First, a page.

Google unveils major new bug bounty program to help boost security across the board

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Google has launched a new bug bounty program that promises some juicy rewards.

The new kvmCFT, a vulnerability reward program (VRP) for the Kernel-based Virtual Machine (KVM) hypervisor it first announced in October 2023.

Kernel-based Virtual Machine (KVM) is a virtualization module in the Linux kernel that allows the kernel to function as a hypervisor. It provides the infrastructure to manage and run multiple virtual machines (VMs) on a single physical host, and each VM can run its own instance of an operating system, which can differ from the host OS.

Full VM escape pays most

The module has been in open-source development for more than 15 years, and is a major part of Android and Google Cloud, the company said. 

“We designed kvmCTF as a collaborative way to help identify & remediate vulnerabilities and further harden this fundamental security boundary,” Google said in the blog post.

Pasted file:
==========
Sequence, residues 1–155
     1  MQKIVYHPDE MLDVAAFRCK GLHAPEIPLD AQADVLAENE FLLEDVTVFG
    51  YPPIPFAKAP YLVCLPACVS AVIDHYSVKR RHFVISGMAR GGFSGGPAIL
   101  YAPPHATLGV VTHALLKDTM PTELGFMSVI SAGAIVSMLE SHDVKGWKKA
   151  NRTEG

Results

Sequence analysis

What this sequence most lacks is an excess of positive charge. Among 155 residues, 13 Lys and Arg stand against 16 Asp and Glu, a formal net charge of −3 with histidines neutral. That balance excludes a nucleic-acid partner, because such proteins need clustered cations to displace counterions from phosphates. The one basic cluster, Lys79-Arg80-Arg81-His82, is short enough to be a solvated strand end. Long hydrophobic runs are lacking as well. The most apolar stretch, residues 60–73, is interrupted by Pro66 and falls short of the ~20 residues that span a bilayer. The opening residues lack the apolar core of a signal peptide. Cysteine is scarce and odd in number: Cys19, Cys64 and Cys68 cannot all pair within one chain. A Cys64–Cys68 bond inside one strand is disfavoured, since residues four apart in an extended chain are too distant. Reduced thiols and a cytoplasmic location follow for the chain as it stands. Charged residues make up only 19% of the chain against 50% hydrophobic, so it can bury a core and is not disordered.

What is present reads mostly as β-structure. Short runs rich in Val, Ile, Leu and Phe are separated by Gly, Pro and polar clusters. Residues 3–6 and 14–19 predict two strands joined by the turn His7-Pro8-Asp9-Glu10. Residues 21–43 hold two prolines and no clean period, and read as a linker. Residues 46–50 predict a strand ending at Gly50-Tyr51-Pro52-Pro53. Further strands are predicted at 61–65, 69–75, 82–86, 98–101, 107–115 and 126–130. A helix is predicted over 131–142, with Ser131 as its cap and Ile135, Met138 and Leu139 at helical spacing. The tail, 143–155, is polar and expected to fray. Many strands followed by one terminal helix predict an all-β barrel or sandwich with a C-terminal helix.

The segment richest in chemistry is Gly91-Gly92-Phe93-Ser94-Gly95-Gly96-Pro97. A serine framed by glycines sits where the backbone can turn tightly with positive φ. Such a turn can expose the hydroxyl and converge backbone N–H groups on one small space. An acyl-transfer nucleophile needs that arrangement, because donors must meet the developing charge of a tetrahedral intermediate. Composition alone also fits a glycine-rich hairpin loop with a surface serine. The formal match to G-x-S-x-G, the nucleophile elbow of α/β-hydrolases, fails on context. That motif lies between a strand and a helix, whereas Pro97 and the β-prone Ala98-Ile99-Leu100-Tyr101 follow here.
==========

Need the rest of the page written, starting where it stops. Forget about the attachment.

In the bug bounty program, the focus will be on zero-day vulnerabilities, which means that Google will not be paying out for n-day flaws. However, the company will be making varying payments, depending on the severity of the discovered vulnerability. 

Full VM escape will earn you $250,000. Arbitrary memory write $100,000, arbitrary memory read $50,000, relative memory write $50,000, denial of service $20,000, and relative memory read $10,000.

For the experiments, Google prepared a bare metal host running a single guest VM. Participants will reserve a time slot to access the guest VM and try to perform an attack. The goal is to exploit a zero-day in either the KVM subsystem, or the host kernel. 

Details on zero day flaws will be shared with Google after the release of an upstream patch, making sure Google gets them at the same time as the rest of the open-source community. Those interested in participating in the bounty hunting program can find more information here.  

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Sead is a seasoned freelance journalist based in Sarajevo, Bosnia and Herzegovina. He writes about IT (cloud, IoT, 5G, VPN) and cybersecurity (ransomware, data breaches, laws and regulations). In his career, spanning more than a decade, he’s written for numerous media outlets, including Al Jazeera Balkans. He’s also held several modules on content writing for Represent Communications.